When IBM started rolling out 5.0GHz versions of Power6, you knew it was only a matter of time before the vendor tried to usurp HP as the transaction performance king. And now it has done it. IBM this week cleared a new TPC-C score that certifies its Power 595 server as the big daddy of transactions. Running on 32 of the dual- …
Maybe this is a sign for HP to actually revamp their PA-RISC chipset instead of selling off to the Itanic???
The only HP server I'd ever buy is an HP 9000, and they're about to kill that line. Oh well, at least IBM still keeps on churning newer stuff...
Simple math says:
That Power architecture is better than the Itanium junk. They don't even compare any x86 stuff.
Makes you wonder why Apple went to the x86 architecture?
Stunning... I want one!
I see its running DB2 9.5.. We don't see a lot of that in the antipodes...
I see its running AIX as well.
Its unusual but not unheard of.. Its a bit like watching V8's race. I guess what wins on Sundays sells on Mondays.
I will leave it for someone else to make the Vista comment...
Interesting but meaningless
TPC-C has become the 0 to 60 of benchmarks, interesting and entertaining for the vendors as a test of tuning skills and extravagant hardware configurations, but absolutely useless as a real world performance metric.
Why does simple math dictate that POWER is better than Itanium? And as for Apple moving to Intel, it was because PowerPC was innovating too slowly and Apple was being eclipsed by PCs sporting fresh AMD64 and Core technologies. So they decided the best way to contest the PC was to use the PC's own hardware...*their* way.
I think they made it quite clear that they want someone who is producing little laptop chips, not database monster.
@Herby: Why the x86 for Apple
Simply put, Intel's adoption of the Core architecture (i.e., the upgraded Pentium-M from their mobile business!) finally made Intel a serious player in watts per processing power. Apple realized that Motorola just could not compete in that space, and frankly the PowerPC architecture was never really aimed at mobile platforms. Considering that Apple sells a very high percentage of laptops, and even their desktop solutions are known for attempting to be quiet and unobtrusive, power efficiency was just too important for them to pass up, even at the cost of re-writing and porting all of their software and facilitating 3d parties to do so.
And, frankly, the adoption of x86 has allowed Apple to sell to a MAJOR new audience - people who dual-boot Windows/Vista or run Parallels. Nothing but an Intel processor would make that really feasable (full software emulation of the microcode is just too slow), and it has been remarkable for how popular it has become.
I thought Jobs was nuts when he announced it...but I am in awe of how well it has worked for Apple as a business strategy. If I didn't love my watercooled homebuilt x86 so much, i would replace it with an Apple desktop in a second...
@Interesting but meaningless
Not only is the benchmark interesting but meaningless, comparing one Unix to another in this manner ignores other alternatives - mainframe, X86 architectures, etc.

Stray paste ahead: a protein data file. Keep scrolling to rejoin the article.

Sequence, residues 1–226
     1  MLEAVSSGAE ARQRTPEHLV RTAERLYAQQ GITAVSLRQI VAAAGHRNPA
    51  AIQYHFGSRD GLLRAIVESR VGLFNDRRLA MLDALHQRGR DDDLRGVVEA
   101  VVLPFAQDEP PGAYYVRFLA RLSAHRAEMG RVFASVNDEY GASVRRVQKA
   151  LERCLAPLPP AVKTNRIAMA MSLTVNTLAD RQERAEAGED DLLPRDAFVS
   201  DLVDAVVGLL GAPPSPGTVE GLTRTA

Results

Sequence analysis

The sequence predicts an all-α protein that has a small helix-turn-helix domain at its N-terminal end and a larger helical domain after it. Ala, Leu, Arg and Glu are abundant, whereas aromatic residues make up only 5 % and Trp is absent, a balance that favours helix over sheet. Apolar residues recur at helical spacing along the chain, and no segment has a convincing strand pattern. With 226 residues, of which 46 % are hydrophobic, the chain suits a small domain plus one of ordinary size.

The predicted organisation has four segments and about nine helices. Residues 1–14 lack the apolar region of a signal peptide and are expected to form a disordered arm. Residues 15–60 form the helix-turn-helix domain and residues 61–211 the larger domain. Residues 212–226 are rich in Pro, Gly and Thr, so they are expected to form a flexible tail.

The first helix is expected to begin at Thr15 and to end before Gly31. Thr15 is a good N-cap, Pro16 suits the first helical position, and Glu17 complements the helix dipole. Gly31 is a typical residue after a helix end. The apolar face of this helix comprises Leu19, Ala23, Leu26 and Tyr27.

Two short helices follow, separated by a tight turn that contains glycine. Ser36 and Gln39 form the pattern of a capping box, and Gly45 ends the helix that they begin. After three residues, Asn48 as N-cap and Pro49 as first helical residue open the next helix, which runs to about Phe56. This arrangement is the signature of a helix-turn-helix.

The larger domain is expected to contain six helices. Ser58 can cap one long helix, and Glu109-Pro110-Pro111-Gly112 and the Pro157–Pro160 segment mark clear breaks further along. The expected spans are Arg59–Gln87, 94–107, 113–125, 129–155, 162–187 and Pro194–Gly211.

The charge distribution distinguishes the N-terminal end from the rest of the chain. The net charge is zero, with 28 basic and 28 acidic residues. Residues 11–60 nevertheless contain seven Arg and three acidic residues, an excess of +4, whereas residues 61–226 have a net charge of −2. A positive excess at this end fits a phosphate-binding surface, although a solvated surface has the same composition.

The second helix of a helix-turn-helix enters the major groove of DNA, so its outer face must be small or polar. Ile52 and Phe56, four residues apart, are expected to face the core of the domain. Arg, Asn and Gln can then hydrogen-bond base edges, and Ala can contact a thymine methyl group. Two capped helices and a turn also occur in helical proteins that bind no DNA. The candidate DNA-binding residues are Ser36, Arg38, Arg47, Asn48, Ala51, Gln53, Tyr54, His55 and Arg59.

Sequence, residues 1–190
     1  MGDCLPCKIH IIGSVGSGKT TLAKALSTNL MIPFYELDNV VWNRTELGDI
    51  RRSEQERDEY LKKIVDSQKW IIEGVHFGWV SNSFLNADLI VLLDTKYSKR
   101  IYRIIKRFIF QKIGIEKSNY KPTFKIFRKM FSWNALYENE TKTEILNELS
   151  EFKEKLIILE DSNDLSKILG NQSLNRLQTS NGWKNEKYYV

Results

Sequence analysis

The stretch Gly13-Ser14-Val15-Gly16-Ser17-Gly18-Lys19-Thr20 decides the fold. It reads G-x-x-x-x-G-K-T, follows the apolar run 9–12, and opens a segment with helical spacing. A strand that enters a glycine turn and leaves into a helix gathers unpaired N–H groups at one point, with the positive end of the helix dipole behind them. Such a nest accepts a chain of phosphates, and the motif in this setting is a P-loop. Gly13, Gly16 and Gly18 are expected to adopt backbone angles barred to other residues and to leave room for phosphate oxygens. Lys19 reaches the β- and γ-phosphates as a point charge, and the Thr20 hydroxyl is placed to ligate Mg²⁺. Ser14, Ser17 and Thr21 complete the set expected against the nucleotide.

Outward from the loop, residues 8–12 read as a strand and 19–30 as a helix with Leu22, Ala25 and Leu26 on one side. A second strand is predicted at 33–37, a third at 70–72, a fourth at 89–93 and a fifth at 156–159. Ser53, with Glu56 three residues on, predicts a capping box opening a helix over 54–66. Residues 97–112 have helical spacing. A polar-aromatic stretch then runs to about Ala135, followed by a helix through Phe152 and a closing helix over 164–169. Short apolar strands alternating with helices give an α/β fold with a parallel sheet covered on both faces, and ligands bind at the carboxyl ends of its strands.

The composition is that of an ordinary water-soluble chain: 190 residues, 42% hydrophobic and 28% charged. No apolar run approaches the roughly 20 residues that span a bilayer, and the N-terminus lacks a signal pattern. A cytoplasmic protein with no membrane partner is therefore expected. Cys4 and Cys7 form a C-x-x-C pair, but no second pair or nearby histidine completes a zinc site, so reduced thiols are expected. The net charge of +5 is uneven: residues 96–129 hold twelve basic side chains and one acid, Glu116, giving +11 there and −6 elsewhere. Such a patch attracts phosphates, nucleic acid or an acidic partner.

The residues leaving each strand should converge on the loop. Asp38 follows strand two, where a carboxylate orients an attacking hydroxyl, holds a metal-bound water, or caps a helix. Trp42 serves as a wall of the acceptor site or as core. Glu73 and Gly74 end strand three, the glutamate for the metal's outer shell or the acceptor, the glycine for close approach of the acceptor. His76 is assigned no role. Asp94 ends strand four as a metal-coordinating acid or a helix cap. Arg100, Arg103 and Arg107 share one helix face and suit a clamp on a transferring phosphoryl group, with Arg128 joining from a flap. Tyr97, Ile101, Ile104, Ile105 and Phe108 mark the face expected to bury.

The price-performance will always be better on X86 architectures, due to the volume and thus pricing of these products. Moving to AIX/Power from HP_UX/Itanium is really like jumping from the fire into the frying pan.
What's Itanium got to do with x86, if I remember correctly you have to install the IA-64 compiles of the OS and who even cares anywho something better will be out next week, probably by Intel, then IBM, then Intel again then some obscure highly invested Chinese brand will wipe the floor with them both
Apples to Apples
The benchmark does not represent real customer workloads but does show the comparison between systems. Too bad Sun does not do benchmarks anymore now that would be a funny comparison. If Power to Itanic is a 3 to 1 comparison then Power to SPANC must be a 6 to 1 comparison.
TPC-C is an outdated 16 year old benchmark - wheres TPC-E results?
TPC-C was developed and introduced back in 1992, before the internet even took form and SMP systems was in its infancy. It is now EOLed and replaced with TPC-E. Why is it that companies like IBM and HP still run this benchmark when it doesn't represent any real workload today? 4TB of RAM is what got IBM these results. Not 5GHz CPUs. When larger dimm sizes come out, you can bet that the new TPC-C scores will come out.
So why brag about leading a 16 year benchmark? This does customers no service. If IBM wants bragging rights, then publish benchmarks that are relevant to the high end SMP community. Benchmarks like TPC-E (no 595 results), TPC-H (no 595 results) would show who really is king. Otherwise, its just Benchmarketing at its best. All those basing purchasing decisions on TPC-C are just fools.
Re: @Interesting but meaningless
AC wrote: "Not only is the benchmark interesting but meaningless, comparing one Unix to another in this manner ignores other alternatives - mainframe, X86 architectures, etc."
I don't remember seeing any prohibition against other environments applying. In fact if you take the time to look at the current TPC-C top ten then you'll see a Windows system sitting at #10. Maybe the Unix variants and Linux are in #1-#9 because they deserve to be there - rather than being down to any in-built bias. :-p